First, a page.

• edge_threshold: likelihood threshold used to determined if the moving edge is valid or not.
  • mu1: minimum image contrast allowed to detect a contour.
  • mu2: maximum image contrast allowed to detect a contour.
  • sample_step: minimum distance in pixel between two discretized moving-edges. To increase the number of moving-edges you have to reduce this parameter.
Note
Most important parameters are range_tracking and sample_step.

Keypoints settings

Keypoint settings affect tracking of keypoints on visible faces using KLT. These settings could be tuned either from XML using <klt> tag as:

<conf>
...
<klt>
<mask_border>5</mask_border>
<max_features>300</max_features>
<window_size>5</window_size>
<quality>0.015</quality>
<min_distance>8</min_distance>
<harris>0.01</harris>
<size_block>3</size_block>
<pyramid_lvl>3</pyramid_lvl>
</klt>
...
</conf>

of from source code using vpMbKltTracker::setKltOpencv() and vpMbKltTracker::setMaskBorder() methods:

vpKltOpencv klt_settings;
klt_settings.setMaxFeatures(300);
klt_settings.setWindowSize(5);
klt_settings.setQuality(0.015);
klt_settings.setMinDistance(8);
klt_settings.setHarrisFreeParameter(0.01);
klt_settings.setBlockSize(3);
klt_settings.setPyramidLevels(3);
dynamic_cast<vpMbKltTracker*>(tracker)->setKltOpencv(klt_settings);
dynamic_cast<vpMbKltTracker*>(tracker)->setKltMaskBorder(5);

With the previous parameters you can set:

  • mask_border: erosion number of the mask used on each face.
  • max_features: maximum number of keypoint features to track in the image.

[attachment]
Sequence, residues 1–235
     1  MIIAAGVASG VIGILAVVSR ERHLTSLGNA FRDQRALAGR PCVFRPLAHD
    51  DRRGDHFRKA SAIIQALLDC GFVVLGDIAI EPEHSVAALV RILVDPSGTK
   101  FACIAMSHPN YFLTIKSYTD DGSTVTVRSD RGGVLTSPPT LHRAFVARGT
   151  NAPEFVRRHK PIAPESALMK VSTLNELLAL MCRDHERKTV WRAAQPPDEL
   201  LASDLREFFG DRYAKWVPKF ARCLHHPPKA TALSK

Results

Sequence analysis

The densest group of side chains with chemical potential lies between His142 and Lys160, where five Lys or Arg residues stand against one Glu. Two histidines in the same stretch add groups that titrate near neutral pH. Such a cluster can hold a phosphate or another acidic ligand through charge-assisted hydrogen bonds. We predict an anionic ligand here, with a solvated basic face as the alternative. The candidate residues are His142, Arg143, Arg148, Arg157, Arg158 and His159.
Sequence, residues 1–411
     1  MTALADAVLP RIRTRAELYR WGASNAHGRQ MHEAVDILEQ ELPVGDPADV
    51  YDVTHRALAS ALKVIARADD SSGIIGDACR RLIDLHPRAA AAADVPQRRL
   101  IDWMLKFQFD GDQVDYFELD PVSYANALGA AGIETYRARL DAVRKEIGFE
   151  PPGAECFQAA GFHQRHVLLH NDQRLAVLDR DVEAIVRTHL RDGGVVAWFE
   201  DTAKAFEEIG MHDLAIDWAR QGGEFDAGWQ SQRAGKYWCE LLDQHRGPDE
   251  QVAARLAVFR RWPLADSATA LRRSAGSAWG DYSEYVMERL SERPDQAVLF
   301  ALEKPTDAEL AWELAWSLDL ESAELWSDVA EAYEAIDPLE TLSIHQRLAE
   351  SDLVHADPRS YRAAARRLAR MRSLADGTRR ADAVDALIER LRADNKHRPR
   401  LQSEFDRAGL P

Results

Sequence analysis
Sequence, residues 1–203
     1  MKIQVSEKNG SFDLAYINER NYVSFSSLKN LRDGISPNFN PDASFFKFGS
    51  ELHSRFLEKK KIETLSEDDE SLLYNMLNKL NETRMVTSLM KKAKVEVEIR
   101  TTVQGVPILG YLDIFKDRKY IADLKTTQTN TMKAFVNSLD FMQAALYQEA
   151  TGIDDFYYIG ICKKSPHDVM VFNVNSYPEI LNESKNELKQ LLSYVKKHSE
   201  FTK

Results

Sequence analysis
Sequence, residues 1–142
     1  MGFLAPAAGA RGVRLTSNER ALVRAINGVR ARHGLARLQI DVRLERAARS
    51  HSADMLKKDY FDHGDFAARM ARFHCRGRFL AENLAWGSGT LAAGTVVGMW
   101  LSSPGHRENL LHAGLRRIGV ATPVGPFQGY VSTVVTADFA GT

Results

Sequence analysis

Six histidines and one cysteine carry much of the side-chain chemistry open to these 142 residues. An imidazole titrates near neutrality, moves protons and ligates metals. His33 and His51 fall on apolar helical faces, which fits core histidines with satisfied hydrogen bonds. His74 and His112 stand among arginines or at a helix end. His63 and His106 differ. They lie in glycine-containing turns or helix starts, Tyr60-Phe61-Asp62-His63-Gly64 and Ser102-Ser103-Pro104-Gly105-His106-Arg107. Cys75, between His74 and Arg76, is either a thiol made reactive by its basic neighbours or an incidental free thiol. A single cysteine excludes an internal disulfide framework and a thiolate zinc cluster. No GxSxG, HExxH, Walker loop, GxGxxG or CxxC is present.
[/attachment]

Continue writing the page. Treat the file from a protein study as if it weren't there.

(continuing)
• window_size: window size used to refine the corner locations.
  • quality: parameter characterizing the minimal accepted quality of image corners. Corners with quality measure less than this parameter are rejected. This means that if you want to have more keypoints on a face, you have to reduce this parameter.
  • min_distance: minimal Euclidean distance between detected corners during keypoint detection stage used to initialize keypoint location.
  • harris: free parameter of the Harris detector.
  • size_block: size of the averaging block used to track the keypoint features.
  • pyramid_lvl: maximal pyramid level. If the level is zero, then no pyramid is computed for the optical flow.
Note
Most important parameters are min_distance and quality.

Camera settings

Camera settings correspond to the intrinsic camera parameters without distorsion. If images are acquired by a camera that has a large field of view that introduce distorsion, images need to be undistorded before processed by the tracker. The camera parameters are then the one obtained on undistorded images.

Camera settings could be set from XML using <camera> tag as:

<conf>
...
<camera>
<u0>325.66776</u0>
<v0>243.69727</v0>
<px>839.21470</px>
<py>839.44555</py>
</camera>
...
</conf>

of from source code using vpMbTracker::setCameraParameters() method:

cam.initPersProjWithoutDistortion(839.21470, 839.44555, 325.66776, 243.69727);
tracker->setCameraParameters(cam);